For the first time in recent history, deer and elk hunters had two weekend days to head to the field for the opening of the big game rifle season. General deer and elk seasons opened on Saturday, instead of Sunday, this year.
This extra day of hunter opportunity did not directly translate into double hunter numbers or harvest from past opening Sundays, but Region 2 hunter check station data for the weekend did show hunter success rates on par with the past five years—with an average of 9 percent of hunters bringing home game in the season’s first two days.
Over 2,800 hunters passed through the three Montana Fish Wildlife & Parks (FWP) check stations in west-central Montana—located near Darby, Bonner and Anaconda—this opening weekend, compared to 2,715 on opening Sunday last year. These hunters checked a total of 251 animals, including 137 elk, 26 mule deer and 83 white-tailed deer. Last year, on opening day, hunters reported 100 elk, 17 mule deer, and 44 white-tailed deer.
Because of the two-day opening weekend this year, direct comparisons can’t be made to deer and elk harvest numbers in previous openers, but the region’s check stations still had stories to tell.
Although the 1,082 hunters that passed through the Darby check station in the Bitterroot Valley over two days almost equaled the 5-year average of 1,050 for opening day, more of these hunters had elk than in recent years. The harvest of 81 elk through Darby was the highest ever recorded in 57 years for this point in the season. Approximately 75% of these elk were harvested in the Big Hole Valley. FWP counts harvest from the Big Hole because many of these elk winter in the East Fork of the Bitterroot (Hunting District 270).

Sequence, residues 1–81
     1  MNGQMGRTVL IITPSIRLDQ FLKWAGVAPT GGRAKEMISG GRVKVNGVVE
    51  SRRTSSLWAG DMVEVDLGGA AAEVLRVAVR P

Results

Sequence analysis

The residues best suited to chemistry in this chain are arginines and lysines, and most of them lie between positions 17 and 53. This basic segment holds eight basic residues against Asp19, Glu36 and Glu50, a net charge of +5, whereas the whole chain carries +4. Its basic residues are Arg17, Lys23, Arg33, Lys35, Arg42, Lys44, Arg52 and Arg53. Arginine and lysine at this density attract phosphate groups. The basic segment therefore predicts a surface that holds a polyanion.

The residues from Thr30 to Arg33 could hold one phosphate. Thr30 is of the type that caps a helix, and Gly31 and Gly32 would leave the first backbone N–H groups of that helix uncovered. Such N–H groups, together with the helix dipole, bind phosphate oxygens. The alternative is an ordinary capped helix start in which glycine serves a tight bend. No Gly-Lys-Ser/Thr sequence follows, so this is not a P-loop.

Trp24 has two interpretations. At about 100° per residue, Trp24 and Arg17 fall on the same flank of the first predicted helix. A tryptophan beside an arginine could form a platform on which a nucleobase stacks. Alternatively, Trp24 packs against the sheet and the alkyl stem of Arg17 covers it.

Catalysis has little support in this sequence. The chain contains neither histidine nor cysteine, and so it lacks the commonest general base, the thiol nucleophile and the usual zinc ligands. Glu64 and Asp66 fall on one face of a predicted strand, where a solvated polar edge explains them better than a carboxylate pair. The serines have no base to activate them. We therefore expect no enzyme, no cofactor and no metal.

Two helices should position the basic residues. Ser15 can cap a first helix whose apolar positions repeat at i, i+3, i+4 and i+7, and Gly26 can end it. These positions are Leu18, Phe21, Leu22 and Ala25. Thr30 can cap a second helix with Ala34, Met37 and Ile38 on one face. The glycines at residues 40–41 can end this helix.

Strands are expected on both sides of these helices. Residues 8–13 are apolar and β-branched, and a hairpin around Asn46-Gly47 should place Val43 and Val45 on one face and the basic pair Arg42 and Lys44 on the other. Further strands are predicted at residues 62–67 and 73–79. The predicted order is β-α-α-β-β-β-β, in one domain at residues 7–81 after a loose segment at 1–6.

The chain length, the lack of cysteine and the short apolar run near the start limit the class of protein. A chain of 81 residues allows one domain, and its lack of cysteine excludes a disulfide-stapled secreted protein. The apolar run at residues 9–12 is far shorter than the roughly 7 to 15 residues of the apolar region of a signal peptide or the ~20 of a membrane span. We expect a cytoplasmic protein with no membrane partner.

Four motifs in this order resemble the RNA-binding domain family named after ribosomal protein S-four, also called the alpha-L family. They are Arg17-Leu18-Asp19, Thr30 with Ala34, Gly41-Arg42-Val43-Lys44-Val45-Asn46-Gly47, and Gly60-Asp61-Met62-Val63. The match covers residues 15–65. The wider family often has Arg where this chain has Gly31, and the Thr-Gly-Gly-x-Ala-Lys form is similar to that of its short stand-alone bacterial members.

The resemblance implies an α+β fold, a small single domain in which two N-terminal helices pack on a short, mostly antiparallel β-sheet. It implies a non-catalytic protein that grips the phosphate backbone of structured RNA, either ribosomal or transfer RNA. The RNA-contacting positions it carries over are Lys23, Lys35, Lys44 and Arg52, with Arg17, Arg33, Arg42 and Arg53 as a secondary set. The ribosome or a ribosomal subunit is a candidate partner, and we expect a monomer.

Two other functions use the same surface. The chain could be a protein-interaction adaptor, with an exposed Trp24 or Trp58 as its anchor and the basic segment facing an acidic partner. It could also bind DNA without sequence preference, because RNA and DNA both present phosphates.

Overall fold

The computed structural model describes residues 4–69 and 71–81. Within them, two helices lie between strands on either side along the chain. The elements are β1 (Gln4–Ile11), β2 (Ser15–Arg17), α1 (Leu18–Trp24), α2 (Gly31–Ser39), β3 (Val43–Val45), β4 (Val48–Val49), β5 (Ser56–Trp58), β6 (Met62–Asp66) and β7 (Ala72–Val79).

Very few harvested elk came from the West Fork of the Bitterroot where elk numbers are well below objective and FWP has nearly eliminated antlerless elk harvest opportunity.
Hunters reported 26 elk through the Anaconda station, and harvest locations were widely scattered from the drainages leading to the check station. “This was a great opening weekend for elk hunters in the Upper Clark Fork,” FWP Wildlife Biologist, Ray Vinkey said.
White-tailed deer harvest over the weekend was down in the Blackfoot compared to the five-year average for opening day due largely to more conservative hunting seasons for does and fawns. FWP eliminated the traditional first eight-day either sex season for white-tails this year for the first time in over a decade. Hunters still reported harvesting 58 white-tailed deer, this year, which included 44 bucks.
By the end of the weekend, rain was falling across most of the western Montana valleys and snow was beginning to collect in the higher elevations, giving a promising outlook to harvest success for the remainder of the season’s first week.
FWP Wildlife Manager Mike Thompson noted that the two-day opener combined with an early youth deer hunt threw the hunter travel patterns off a little bit this year and made it tricky to get a good read on how harvest totals are standing compared to years past.
“We’ll have to wait to see how harvest totals play out over the season, but so far the check station data is telling us that, overall, hunters had a pretty good weekend out there,” Thompson said.